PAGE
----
His stint on Monday Night Football in 1985 came to a close over his drinking habits, but he swiftly got sober and stayed that way for over a decade. A 1999 divorce knocked the wind out of his sails and a lengthy period of sobriety came to a close. He started drinking very heavily and had an infamous public humiliation when a TV interview along the sidelines revealed his level of intoxication. Again, he gave up alcohol and began to concentrate on the positive. Now, after two knee replacements, he is free to spend time with his children and grandchildren, attend industry events or pursue his various favorite charities.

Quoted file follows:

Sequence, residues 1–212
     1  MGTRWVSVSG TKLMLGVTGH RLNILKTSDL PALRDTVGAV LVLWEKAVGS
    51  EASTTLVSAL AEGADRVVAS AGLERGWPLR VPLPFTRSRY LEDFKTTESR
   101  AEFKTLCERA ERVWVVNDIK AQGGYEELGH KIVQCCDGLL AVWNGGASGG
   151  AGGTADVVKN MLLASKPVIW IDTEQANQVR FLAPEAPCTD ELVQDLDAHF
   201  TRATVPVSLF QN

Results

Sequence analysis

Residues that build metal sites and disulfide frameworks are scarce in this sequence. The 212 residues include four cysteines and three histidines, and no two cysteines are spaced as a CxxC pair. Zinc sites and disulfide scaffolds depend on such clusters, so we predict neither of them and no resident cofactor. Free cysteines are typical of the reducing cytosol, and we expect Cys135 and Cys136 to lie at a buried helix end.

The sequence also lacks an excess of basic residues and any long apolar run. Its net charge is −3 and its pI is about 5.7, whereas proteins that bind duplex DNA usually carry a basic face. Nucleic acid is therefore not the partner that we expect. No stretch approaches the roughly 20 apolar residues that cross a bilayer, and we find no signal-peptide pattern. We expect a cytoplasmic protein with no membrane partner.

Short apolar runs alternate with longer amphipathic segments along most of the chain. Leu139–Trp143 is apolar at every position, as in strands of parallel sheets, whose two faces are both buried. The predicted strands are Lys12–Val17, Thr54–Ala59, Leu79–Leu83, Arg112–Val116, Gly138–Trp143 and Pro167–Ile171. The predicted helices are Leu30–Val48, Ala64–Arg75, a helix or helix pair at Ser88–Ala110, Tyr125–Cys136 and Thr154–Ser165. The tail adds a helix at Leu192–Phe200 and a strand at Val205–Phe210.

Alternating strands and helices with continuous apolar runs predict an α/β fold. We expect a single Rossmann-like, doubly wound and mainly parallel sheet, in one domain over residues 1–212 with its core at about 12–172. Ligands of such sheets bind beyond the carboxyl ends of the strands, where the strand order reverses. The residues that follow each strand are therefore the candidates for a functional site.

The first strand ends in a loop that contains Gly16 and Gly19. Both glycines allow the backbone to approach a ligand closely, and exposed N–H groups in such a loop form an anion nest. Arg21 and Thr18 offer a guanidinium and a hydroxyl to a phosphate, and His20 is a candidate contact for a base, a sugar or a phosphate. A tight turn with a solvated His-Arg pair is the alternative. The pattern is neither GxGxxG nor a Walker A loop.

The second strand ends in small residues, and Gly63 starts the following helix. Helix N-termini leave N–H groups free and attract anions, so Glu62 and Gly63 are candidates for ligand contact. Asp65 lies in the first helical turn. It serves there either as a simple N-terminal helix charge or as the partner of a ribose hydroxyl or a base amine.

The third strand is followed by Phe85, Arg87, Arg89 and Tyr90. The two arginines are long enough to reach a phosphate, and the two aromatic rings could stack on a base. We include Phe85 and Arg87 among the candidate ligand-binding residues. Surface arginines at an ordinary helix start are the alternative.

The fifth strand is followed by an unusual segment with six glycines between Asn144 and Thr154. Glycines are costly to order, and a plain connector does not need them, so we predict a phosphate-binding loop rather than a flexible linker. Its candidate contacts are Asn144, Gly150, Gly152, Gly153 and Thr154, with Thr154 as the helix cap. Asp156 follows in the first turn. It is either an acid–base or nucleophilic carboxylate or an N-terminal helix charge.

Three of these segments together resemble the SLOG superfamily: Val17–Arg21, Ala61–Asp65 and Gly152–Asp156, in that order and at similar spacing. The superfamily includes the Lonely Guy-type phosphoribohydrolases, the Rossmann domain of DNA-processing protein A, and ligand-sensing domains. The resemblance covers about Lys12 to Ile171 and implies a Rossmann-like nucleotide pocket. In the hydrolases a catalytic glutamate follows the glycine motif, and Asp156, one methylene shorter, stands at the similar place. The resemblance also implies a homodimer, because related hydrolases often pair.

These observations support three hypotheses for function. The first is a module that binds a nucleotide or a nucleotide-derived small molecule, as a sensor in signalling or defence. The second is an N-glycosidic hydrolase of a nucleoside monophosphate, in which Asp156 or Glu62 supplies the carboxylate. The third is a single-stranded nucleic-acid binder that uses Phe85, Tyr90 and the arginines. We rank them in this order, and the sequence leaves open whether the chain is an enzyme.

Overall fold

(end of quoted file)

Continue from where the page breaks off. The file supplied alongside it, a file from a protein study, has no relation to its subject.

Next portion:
For better or for worse, today's players owe a certain amount of the glitz and glory that goes along with their profession to men like Namath who took the celebrity of sportsmen to an entirely new level. Sometimes I see a scintilla of resemblance between Aaron Rodgers of the Green Bay Packers (another #12) and him, though I think Rodgers is more committed to the lifestyle discipline that his role requires than Namath possessed in the free-wheeling '70s. Easily one of the sport's Top 100 players, even while plagued with pain and a roller coaster lifestyle, The Underworld salutes Joe Namath, his pretty green eyes and his hairy chest!


Flying Spaghetti Monster said...

What treasure trove. You have made my day!

Poseidon3 said...

Thank you so much! I'm glad you enjoyed this (a rather unusual Underworld post.)

NotFelixUnger said...

Now, that is a MAN. Awesome post. I'll be dreaming of Broadway Joe (and Steve Garvey and Jim Palmer) this evening.

Donna Lethal said...

Luscious. Thanks.

kirgissfair said...